Curing (food preservation)

Curing (food preservation)
Sea salt being added to raw ham to make Prosciutto.
Bag of Prague powder #1, also known as "curing salt" or "pink salt." It's typically a combination of salt and sodium nitrite, with the pink color added to distinguish it from ordinary salt.

Curing refers to various food preservation and flavoring processes, especially of meat or fish, by the addition of a combination of salt, nitrates, nitrite[1] or sugar. Many curing processes also involve smoking, the process of flavoring, cooking, or preserving food by exposing it to the smoke from burning or smoldering plant materials, most often wood. The use of food dehydration was the earliest form of food curing.[1]



Food curing dates back to ancient times, both in the form of smoked meat and as salt-cured meat.[2] The Plains Indians used to hang their meat at the top of their teepees to increase the amount of smoke coming into contact with the food.[2] It was discovered in the 1800s that salt mixed with nitrites (saltpeter) would color meats red, rather than grey, and consumers at that time then strongly preferred the red-colored meat.[1]

Chemical actions


Table salt (sodium chloride) is the primary ingredient used in meat curing.[2] Removal of water and addition of salt to meat creates a solute-rich environment where osmotic pressure draws water out of microorganisms, retarding their growth.[2][3] Doing this requires a concentration of salt of nearly 20%.[3] In addition, salt causes the soluble meat proteins to come to the surface of the meat particles within sausages. These proteins coagulate when the sausage is heated, helping to hold the sausage together.[4] Finally, salt slows the oxidation process, effectively preventing the meat from going rancid.[3]


The sugar added to meat for the purpose of curing it comes in many forms, including honey, corn syrup solids, and maple syrup.[5] However, with the exception of bacon, it does not contribute much to the flavor,[6] but it does alleviate the harsh flavor of the salt.[2] Sugar also contributes to the growth of beneficial bacteria like Lactobacillus by feeding them.[7]

Nitrates and nitrites


Nitrates and nitrites not only help kill bacteria, but also produce a characteristic flavor and give meat a pink or red color.[8] Nitrate (NO3), generally supplied by sodium nitrate or potassium nitrate, is used as a source for nitrite (NO2). The nitrite further breaks down in the meat into nitric oxide (NO), which then binds to the iron atom in the center of myoglobin's heme group, reducing oxidation and causing a reddish-brown color (nitrosomyoglobin) when raw, and the characteristic cooked-ham pink color (nitrosohemochrome or nitrosyl-heme) when cooked. The addition of ascorbate to cured meat reduces formation of nitrosamines, but increases the nitrosylation of iron. The use of nitrates in food preservation is controversial, though, due to the potential for the formation of nitrosamines when the preserved food is cooked at high temperature.[8] The usage of either compound is therefore carefully regulated; for example, in the United States, the concentration of nitrates and nitrites is generally limited to 200 ppm or lower.[8] However, they are considered irreplaceable in the prevention of botulinum poisoning from consumption of cured dry sausages by preventing spore germination.[9]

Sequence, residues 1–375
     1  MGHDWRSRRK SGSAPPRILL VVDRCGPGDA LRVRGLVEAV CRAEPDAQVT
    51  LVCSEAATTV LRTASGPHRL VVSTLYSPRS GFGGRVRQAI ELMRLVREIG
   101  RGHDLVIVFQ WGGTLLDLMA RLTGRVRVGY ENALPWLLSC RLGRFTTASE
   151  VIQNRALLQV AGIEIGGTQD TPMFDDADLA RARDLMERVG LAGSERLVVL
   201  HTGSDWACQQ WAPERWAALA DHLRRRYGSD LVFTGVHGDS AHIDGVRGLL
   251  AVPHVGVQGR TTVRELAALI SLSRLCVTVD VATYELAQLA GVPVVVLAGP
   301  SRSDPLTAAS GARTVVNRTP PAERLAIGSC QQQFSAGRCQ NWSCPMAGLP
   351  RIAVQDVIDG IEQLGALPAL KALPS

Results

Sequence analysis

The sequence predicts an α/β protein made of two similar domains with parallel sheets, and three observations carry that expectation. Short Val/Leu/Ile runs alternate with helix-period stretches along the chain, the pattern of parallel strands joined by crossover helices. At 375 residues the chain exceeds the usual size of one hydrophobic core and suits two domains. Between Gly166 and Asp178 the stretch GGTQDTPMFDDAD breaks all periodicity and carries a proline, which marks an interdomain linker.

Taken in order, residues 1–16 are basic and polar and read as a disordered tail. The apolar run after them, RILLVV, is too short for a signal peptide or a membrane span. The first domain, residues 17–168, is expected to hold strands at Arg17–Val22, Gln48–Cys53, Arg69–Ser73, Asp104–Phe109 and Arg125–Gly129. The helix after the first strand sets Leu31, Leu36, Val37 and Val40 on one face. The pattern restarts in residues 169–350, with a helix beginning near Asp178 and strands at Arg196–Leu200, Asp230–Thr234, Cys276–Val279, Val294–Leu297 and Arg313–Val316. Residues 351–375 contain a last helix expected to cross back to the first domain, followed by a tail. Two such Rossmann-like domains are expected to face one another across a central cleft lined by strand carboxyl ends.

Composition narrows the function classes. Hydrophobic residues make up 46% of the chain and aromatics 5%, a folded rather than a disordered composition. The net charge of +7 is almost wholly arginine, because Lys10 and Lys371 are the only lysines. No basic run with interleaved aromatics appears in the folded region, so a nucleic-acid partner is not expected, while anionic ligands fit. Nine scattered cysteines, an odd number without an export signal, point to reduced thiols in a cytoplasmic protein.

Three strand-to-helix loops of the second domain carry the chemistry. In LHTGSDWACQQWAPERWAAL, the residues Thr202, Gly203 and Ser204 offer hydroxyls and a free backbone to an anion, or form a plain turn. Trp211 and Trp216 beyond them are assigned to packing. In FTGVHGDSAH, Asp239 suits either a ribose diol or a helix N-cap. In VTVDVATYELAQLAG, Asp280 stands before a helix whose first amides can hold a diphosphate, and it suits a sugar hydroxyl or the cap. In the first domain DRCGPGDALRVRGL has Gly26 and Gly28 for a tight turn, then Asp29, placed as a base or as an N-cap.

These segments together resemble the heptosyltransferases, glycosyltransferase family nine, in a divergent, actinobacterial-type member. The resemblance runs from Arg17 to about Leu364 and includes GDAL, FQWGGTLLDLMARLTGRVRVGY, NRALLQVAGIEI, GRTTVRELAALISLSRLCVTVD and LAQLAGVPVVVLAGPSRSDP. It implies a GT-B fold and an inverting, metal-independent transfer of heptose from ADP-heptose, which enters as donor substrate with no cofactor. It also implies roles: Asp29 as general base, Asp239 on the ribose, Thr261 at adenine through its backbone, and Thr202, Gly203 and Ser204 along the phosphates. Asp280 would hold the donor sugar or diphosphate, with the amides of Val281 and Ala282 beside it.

A 2007 study by Columbia University suggests a link between eating cured meats and chronic obstructive pulmonary disease. Nitrites were posited as a possible cause.[10]


Meat can also be preserved by smoking, which is to cook the meat in the presence of smoke. (Thus, the meat is usually near a fire.) Slow-cooking meat while smoking it will also keep it tender.[11] One method of smoking calls for a smokehouse with damp wood chips or sawdust.[12]

See also


  1. ^ a b c "Historical Origins of Food Preservation." University of Georgia, National Center for Home Food Preservation. Accessed June 2011.
  2. ^ a b c d e Ray, Frederick K.. Oklahoma Cooperative Extension Service (Report). Oklahoma State University. Retrieved 15 December 2010. 
  3. ^ a b c "Curing and Brining (food preservation)". Science of Cooking. Minnesota State University. Retrieved 15 December 2010. 
  4. ^ "Curing & Smoking". National Center for Home Food Preservation. University of Georgia. Retrieved 15 December 2010. 
  5. ^ "Additives Used in Meat". Meat Science. Illinois State University. Retrieved 16 December 2010. 
  6. ^ "Smoking and Curing". The National Center for Home Food Preservation. University of Georgia. Retrieved 16 December 2010. 
  7. ^ "What Is Curing?". Science of Cooking. EDinformatics. Retrieved 16 December 2010. 
  8. ^ a b c "Curing Food". Edinformatics. Retrieved 21 February 2010. 
  9. ^ De Vries, John (1997). Food Safety and Toxicity. CRC Press. p. 70. ISBN 9780849394881. 
  10. ^ "Health | Too much bacon 'bad for lungs'". BBC News. 2007-04-17. Retrieved 2010-07-16. 
  11. ^ "Smoking Meat and Poultry". Fact Sheets. United States Department of Agriculture. Retrieved 27 January 2011. 
  12. ^ Busboom, Jan R.. "Curing and Smoking Poultry Meat". Washington State University. Retrieved 27 January 2011. 


External links

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